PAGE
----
It’s blogday and until yesterday there wasn’t much to write about. We visited New Orleans last weekend (more below), but otherwise, it’s been business as usual in the world.
But then yesterday, these guys visited. That’s right! I present the 2019 class of ducklings! Yes, fresh, young duckling.
To some, this may represent cassoulet or confit or something. But to me, this represents cuteness! And new life!
Of course, with cuteness and attachment comes worry and danger at every corner. It’s like being a parent. Sure, your full of love and joy but you’re always a little concern that something bad could happen.
There are an even 10 ducklings in this brood. Is it a brood? Litter? Flock? Brace? Whatever. Ten little sister and brother ducks, waddling around on their little duck feet, following their mother who hovers over them. These are so young they seem to act as one unit. Something of a duck cloud. Of course, they do that for safety. Safety in numbers, right?
Well, these little waddlers don’t know a freakin’ thing about survival of the fittest, no sir (or ma’am). For example, do they know that there are hawks here in Woodland Hills? That’s right, they’ll swoop down out of the sky and it’s fresh duck for dinner. Poor little duckling didn’t know what hit it. With any luck, it’s over quickly. Poor little ducky.
So now, I will continue to feed them organic quinoa (research indicates this is a good food for wild ducks; for further information, please see “On Thanks and Ducks,” the November 22, 2018 entry to this blog), and sadly count how many there are each day, hoping they all make it to that large enough stage where they can get out of the way of a dive-bombing hawk or falcon.
What does this have to do with New Orleans? Well, I will write more about that trip net week, but suffice it to say, I had a delicious duck leg, creole style, and I felt a little guilty. I was afraid the ducks back home would know somehow, like they could smell it on me, but they didn’t seem to notice. At least for the duck I ate, it was over quickly. Otherwise, there maybe a duck out there on crutches.
ON TOMATO GARDENING:
We haven’t had much of a garden in recent years due to apartment dwelling, but now we grow some nice stuff out on the patio, amongst the ducks. Last year, we had a tomato plant. At first, it grew a few tomatoes rapidly, and lots of blooms. But then after the few first tomatoes, nothing. Research uncovered the cause: too hot in Woodland Hills. Kills the pollen over 87 degrees. That’s just about all summer for us.
So I kept the tomato-free plant healthy all through the heat, and then in the fall we got a few tomatoes. Being from New York, when we had tomatoes in the garden after summer they’d die and you’d buy new plants in the spring. But here, the tomato plant survived the winter and one day a week or so ago, I noticed that the darn thing started bearing fruit.
Already almost 10 tomatoes on there. Could this be one of those heirloom things where the tomatoes get better each year? Or will it be an old plant and the tomatoes will be no good? If you’ve had any experience with second-year tomatoes, please comment below.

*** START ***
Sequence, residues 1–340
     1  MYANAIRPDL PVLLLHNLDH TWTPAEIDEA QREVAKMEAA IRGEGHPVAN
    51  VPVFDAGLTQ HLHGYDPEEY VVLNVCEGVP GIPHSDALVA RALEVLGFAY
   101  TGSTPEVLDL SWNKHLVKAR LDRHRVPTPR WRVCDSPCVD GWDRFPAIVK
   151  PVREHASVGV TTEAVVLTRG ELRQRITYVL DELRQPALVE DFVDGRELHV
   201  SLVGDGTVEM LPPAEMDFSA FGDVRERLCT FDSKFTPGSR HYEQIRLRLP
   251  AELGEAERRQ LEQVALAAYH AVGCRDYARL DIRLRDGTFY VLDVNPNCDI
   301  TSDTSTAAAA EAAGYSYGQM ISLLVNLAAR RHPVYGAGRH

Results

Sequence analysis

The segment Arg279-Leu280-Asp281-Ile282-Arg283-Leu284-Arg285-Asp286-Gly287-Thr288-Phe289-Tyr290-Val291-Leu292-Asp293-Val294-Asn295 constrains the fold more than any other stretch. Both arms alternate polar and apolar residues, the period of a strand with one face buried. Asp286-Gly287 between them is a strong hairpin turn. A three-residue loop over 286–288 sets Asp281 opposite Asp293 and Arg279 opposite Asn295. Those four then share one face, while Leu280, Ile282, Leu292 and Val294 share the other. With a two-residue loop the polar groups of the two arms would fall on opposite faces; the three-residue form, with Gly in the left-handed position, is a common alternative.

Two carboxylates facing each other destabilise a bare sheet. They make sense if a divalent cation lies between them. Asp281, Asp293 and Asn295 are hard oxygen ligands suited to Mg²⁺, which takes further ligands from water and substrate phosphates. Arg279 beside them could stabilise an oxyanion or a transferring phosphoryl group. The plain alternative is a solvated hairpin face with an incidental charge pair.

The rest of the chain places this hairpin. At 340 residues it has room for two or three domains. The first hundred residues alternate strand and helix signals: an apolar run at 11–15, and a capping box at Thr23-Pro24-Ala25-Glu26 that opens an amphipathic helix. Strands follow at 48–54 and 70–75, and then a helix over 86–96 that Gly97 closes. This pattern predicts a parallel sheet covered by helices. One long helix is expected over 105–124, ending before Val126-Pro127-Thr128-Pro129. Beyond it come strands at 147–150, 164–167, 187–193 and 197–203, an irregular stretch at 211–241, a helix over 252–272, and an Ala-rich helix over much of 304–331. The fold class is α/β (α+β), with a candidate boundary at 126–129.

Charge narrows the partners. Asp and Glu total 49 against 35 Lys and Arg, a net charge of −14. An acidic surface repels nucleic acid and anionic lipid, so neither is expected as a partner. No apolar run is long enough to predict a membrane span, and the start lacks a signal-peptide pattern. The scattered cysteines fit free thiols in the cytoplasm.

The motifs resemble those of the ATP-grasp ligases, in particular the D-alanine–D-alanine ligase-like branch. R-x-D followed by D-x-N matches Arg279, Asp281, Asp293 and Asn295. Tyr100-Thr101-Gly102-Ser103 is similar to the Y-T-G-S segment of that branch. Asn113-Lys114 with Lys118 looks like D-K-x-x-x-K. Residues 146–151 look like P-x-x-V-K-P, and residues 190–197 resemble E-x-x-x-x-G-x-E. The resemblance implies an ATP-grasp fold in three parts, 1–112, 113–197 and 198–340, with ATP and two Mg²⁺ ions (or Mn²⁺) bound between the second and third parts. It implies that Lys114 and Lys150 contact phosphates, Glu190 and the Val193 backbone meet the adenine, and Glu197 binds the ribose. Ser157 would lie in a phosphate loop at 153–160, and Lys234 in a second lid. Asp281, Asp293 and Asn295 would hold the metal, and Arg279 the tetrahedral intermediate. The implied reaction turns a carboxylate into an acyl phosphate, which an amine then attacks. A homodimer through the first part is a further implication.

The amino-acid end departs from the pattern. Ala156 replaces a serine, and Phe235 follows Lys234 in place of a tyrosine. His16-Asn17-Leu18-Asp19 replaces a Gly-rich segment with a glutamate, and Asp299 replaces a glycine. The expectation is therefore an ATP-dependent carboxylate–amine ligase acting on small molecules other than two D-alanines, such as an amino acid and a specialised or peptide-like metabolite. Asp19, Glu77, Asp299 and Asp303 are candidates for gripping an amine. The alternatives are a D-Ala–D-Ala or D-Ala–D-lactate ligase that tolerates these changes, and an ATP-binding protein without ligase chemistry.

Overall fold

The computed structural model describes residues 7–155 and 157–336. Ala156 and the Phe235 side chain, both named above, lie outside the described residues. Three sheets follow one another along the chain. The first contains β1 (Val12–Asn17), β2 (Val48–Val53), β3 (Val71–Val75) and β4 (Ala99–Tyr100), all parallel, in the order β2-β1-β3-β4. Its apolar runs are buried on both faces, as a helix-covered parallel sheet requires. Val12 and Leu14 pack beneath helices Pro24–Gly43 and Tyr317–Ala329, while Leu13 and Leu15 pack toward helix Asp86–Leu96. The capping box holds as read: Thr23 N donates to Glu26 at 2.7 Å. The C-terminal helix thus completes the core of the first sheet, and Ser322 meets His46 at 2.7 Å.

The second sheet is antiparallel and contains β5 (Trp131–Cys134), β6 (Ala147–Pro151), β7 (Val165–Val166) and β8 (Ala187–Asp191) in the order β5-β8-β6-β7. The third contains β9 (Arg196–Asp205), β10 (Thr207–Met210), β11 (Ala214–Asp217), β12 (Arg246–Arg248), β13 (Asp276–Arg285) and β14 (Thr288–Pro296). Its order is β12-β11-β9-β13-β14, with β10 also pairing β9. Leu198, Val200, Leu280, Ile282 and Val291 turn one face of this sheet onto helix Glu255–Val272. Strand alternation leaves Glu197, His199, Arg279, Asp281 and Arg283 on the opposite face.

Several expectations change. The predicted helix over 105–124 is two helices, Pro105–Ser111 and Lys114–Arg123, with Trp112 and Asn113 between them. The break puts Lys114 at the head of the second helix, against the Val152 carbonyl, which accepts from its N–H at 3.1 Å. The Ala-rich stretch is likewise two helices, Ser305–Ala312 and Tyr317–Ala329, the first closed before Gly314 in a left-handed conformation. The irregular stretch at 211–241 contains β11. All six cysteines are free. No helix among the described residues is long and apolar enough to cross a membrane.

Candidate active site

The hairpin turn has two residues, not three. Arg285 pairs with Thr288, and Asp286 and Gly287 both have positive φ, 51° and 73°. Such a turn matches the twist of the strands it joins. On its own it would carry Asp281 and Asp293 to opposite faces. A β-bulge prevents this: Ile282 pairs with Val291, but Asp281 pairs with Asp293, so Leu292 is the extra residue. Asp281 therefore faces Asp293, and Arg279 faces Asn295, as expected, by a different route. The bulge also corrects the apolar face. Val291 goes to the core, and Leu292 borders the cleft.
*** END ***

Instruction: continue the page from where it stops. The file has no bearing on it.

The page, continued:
Speaking of ducks, there was an uproar in the UK over some chocolate Easter ducks that were packaged in an assortment of 3. Here’s a description from a NY Daily News article by Gina Salamone, published on April 9, 2019:
“Called ‘Trio of Easter ducklings,’ it included baby waterfowl in three varieties. One was made with milk chocolate, called ‘Crispy’ on the packaging, another was crafted from white chocolate and named ‘Fluffy,’ and a third was dark chocolate speckled with pink coloring that was dubbed ‘Ugly.’”
Okay, there you go. The ducklings were found to be racist. Well, not the ducklings themselves, but people were offended by the implied or inferred message: dark is ugly.
I’m not going to bait anyone here, nor judge. If people are offended, they’re offended. Of course, some people argued that the name came from “The Ugly Duckling,” and therefor it is ironic rather than offensive, as that duck soon grew into a beautiful swan.
Wait. Did it turn into a black swan? I think not. Maybe that’s racist too. The little dark ugly duckling is ugly but when it’s a big white bird? Beautiful. Hey, maybe they’re onto something here. And that’s not even considering that the duckling isn’t a duckling at all, but a swan. Isn’t that a put down of ducklings in general, nay, in fact, a condemnation of the entire duck species. Is that a species or a family? Or a genus? Whatever, I’m not a zoologist, or ornithologist, or urologist… wait, what was this post about again?
I looked at the picture and see this dark duck which is fine. I like dark chocolate better than milk chocolate and not just for the anti-oxidants therein. But what’s with those pink flecks? To me, this looks like a skin condition. So I’m thinking, well, maybe that’s why they called it Ugly. And then I felt guilty because it’s like saying someone with a skin condition is ugly.
So I’m sorry. Even though I sometimes get a bit ashy, or rashy, or even blemishy, it seems I have this subconscious thing about people with skin conditions, and I apologize for the hurt this may have caused anyone.
Hey, speaking of skin conditions, we’re going to be down at the Los Angeles Times Festival of Books this coming weekend on the USC campus, at booth 184 on Saturday from 9-5, signing copies of Smoking in Bed: Dreams of love, sex and terrorism, so please come by, say hello and get a book.
Or get a whole bunch of books. They’ll be all over the place.
What does that have to do with skin conditions? Bring some sunscreen and layers so you don’t end up with a skin condition. That’s what.